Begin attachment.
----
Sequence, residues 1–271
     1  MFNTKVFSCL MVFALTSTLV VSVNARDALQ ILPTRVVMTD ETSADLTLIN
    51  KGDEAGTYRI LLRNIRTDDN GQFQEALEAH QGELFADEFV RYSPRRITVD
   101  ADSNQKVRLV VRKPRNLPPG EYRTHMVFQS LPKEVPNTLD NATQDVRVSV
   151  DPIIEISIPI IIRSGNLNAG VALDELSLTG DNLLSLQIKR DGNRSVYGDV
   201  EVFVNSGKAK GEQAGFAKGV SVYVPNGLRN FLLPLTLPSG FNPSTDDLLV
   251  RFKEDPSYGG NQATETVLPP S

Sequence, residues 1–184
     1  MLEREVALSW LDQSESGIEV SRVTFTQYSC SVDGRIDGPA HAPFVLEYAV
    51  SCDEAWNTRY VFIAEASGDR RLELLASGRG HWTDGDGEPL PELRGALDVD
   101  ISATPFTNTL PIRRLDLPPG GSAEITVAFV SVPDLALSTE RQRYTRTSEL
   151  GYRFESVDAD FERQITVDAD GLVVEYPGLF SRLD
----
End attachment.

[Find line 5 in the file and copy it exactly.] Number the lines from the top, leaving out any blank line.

   151  DPIIEISIPI IIRSGNLNAG VALDELSLTG DNLLSLQIKR DGNRSVYGDV